Corporate income tax
US taxation of income earned by non-US persons depends on whether the income has a nexus with the United States and the level and extent of the non-US person's presence in the United States.
Prior to the enactment of US tax reform legislation on 22 December 2017 (P.L. 115-97), a non-US corporation engaged in a US trade or business was taxed at a 35% US corporate tax rate on income from US sources effectively connected with that business (ECI). However, P.L. 115-97 significantly revised the federal tax regime. P.L. 115-97 permanently reduced the 35% CIT rate on ECI to a 21% flat rate for tax years beginning after 31 December 2017. Certain US-source income (e.g. interest, dividends, and royalties) not effectively connected with a non-US corporation’s business continues to be taxed on a gross basis at 30%.
Alternative minimum tax (AMT)
AMT previously was imposed on corporations other than S corporations and small C corporations (generally those with three-year average annual gross receipts not exceeding USD 7.5 million). The tax was 20% of alternative minimum taxable income (AMTI) in excess of a USD 40,000 exemption amount (subject to a phase-out). AMTI is computed by adjusting the corporation's regular taxable income by specified adjustments and 'tax preference' items. Tax preference or adjustment items could arise, for example, if a corporation has substantial accelerated depreciation, percentage depletion, intangible drilling costs, or non-taxable income.
P.L. 115-97 repeals the corporate AMT effective for tax years beginning after 31 December 2017, and provides a mechanism for prior-year corporate AMT credits to be refunded by the end of 2021.
Corporations with 100 or fewer shareholders, none of whom may be corporations, that meet certain other requirements may elect to be taxed under Subchapter S of the Internal Revenue Code (IRC or 'the Code') and are thus known as S corporations. S corporations are taxed in a manner similar, but not identical, to partnerships (i.e. all tax items [e.g. income, deductions] flow through to the owners of the entity). Thus, S corporations generally are not subject to US federal income tax.
Gross transportation income taxes
Foreign corporations and non-resident alien individuals are subject to a yearly 4% tax on their US-source gross transportation income (USSGTI) that is not effectively connected with a US trade or business. Transportation income is any income derived from, or in connection with, (i) the use (or hiring or leasing) of any vessel or aircraft, or (ii) the performance of services directly related to the use of any vessel or aircraft.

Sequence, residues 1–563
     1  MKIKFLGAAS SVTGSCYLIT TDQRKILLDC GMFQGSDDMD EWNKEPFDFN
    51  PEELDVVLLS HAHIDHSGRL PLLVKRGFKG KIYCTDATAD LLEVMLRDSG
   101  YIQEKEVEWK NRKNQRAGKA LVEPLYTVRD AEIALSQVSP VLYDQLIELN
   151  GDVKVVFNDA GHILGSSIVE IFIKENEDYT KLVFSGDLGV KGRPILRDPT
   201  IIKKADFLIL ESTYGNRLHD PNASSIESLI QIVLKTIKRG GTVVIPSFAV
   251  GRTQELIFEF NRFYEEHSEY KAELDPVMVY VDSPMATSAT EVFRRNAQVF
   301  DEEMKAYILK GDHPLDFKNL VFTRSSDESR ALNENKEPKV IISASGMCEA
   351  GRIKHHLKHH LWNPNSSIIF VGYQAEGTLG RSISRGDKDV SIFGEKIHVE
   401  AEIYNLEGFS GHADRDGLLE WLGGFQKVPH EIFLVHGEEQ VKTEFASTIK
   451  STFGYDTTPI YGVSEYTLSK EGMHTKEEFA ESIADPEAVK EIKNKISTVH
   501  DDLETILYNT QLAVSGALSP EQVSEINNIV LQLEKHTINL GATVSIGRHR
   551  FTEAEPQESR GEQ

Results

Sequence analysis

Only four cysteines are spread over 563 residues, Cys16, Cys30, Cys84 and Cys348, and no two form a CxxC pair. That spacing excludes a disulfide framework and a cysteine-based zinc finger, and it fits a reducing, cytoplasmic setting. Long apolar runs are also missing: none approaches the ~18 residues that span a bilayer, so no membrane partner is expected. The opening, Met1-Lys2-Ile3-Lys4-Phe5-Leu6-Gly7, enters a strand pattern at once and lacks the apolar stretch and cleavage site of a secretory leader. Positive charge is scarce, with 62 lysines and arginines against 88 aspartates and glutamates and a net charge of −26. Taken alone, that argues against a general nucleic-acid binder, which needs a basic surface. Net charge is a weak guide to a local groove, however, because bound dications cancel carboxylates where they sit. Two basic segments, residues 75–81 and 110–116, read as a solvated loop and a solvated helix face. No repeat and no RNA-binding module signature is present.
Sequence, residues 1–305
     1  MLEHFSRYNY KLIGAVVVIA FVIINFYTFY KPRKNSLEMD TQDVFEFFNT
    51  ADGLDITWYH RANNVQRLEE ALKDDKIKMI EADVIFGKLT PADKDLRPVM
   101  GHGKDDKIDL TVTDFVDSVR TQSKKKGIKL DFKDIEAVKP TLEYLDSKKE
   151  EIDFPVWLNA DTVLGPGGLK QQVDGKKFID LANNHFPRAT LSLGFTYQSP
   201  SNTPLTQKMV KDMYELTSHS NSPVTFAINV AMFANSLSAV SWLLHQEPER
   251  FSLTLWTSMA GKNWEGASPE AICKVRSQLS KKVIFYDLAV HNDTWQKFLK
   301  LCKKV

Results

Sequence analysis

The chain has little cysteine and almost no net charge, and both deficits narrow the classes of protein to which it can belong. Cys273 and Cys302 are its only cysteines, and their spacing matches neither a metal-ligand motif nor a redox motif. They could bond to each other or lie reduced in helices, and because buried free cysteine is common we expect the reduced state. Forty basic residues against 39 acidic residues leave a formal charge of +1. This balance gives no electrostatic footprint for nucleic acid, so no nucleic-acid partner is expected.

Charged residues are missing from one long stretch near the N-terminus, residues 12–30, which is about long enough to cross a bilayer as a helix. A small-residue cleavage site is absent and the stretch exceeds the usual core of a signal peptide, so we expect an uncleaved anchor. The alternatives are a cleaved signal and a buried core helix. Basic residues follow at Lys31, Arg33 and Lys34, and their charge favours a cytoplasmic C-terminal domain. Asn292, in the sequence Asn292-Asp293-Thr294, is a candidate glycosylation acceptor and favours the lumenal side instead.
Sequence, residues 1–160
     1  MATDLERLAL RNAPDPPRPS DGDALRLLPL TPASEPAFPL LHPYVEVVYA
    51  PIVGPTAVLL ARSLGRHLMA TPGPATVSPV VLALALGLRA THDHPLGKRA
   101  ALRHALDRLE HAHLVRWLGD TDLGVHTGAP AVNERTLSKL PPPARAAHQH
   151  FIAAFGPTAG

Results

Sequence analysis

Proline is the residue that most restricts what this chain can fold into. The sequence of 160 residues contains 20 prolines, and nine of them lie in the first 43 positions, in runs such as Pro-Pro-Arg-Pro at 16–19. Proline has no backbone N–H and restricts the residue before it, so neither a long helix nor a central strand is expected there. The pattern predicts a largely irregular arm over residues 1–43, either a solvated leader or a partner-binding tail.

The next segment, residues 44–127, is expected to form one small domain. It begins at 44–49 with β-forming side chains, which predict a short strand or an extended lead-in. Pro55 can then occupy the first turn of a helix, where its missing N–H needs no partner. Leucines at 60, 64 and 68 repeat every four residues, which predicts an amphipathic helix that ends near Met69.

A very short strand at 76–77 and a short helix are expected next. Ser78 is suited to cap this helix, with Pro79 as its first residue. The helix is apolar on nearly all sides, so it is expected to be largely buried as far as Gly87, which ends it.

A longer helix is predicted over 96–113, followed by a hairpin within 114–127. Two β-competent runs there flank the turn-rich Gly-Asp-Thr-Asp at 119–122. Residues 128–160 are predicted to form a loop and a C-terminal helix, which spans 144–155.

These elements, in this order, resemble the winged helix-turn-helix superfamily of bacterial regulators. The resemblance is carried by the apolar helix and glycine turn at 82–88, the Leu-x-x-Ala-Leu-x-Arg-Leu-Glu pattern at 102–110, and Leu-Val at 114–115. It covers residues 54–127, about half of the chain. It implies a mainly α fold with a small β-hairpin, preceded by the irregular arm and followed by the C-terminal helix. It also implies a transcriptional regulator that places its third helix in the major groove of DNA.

Base erosion and anti-abuse tax (BEAT)
P.L. 115-97 creates a new US federal tax called the ‘base erosion and anti-avoidance tax,’ or BEAT. P.L. 115-97 targets US tax-base erosion by imposing an additional corporate tax liability on corporations (other than RICs, REITs, or S corporations) that, together with their affiliates, have average annual gross receipts for the three-year period ending with the preceding tax year of at least USD 500 million and that make certain base-eroding payments to related foreign persons during the tax year of 3% (2% for certain banks and securities dealers) or more of all their deductible expenses apart from certain exceptions. The most notable of these exceptions are the net operating loss (NOL) deduction, the new dividends received deduction for foreign-source dividends, the new deduction for foreign-derived intangible income (FDII) and the deduction relating to the new category of global intangible low-taxed income (GILTI), qualified derivative payments defined in the provision, and certain payments for services.
The BEAT is imposed to the extent that 10% (5% for the 2018 calendar year) of the taxpayer’s ‘modified taxable income’ ─ generally, US taxable income determined without regard to any base-eroding tax benefit or the base-erosion percentage of the NOL deduction ─ exceeds the taxpayer’s regular tax liability net of most tax credits. (The above percentages are changed to 11% and 6%, respectively, for certain banks and securities dealers.)
A base-eroding payment generally is any amount paid or accrued by the taxpayer to a related foreign person that is deductible for acquiring property subject to depreciation or amortisation, or for reinsurance payments. The category also includes certain payments to ‘expatriated entities’ under the anti-inversion rules of Section 7874.
The provision is effective for base-erosion payments paid or accrued in tax years beginning after 31 December 2017. For tax years beginning after 31 December 2025, the percentage of modified taxable income that is compared against the regular tax liability increases to 12.5% (13.5% for certain banks and securities dealers) and allows all credits to be applied in determining the US corporation’s regular tax liability. Special rules apply for banks, insurance companies and ‘expatriated entities.’
Mandatory deemed repatriation 'toll charge'
P.L. 115-97 uses the mechanics under subpart F to impose a one-time ‘toll charge’ on the undistributed, non-previously taxed post-1986 foreign E&P of certain US-owned foreign corporations as part of the transition to a new territorial regime. The toll charge, found in revised Section 965, is reduced by a deduction computed in a manner that ensures a 15.5% effective tax rate on earnings represented by ‘cash’ and an 8% effective tax rate to the extent the earnings exceed the cash position.
Local income taxes
CIT rates vary from state to state and generally range from 1% to 12% (although some states impose no income tax). The most common taxable base is federal taxable income, which is modified by state provisions and generally is allocated to a state on the basis of a three-factor formula: tangible assets and rental expense, sales and other receipts, and payroll. State and municipal taxes are deductible expenses for federal income tax purposes.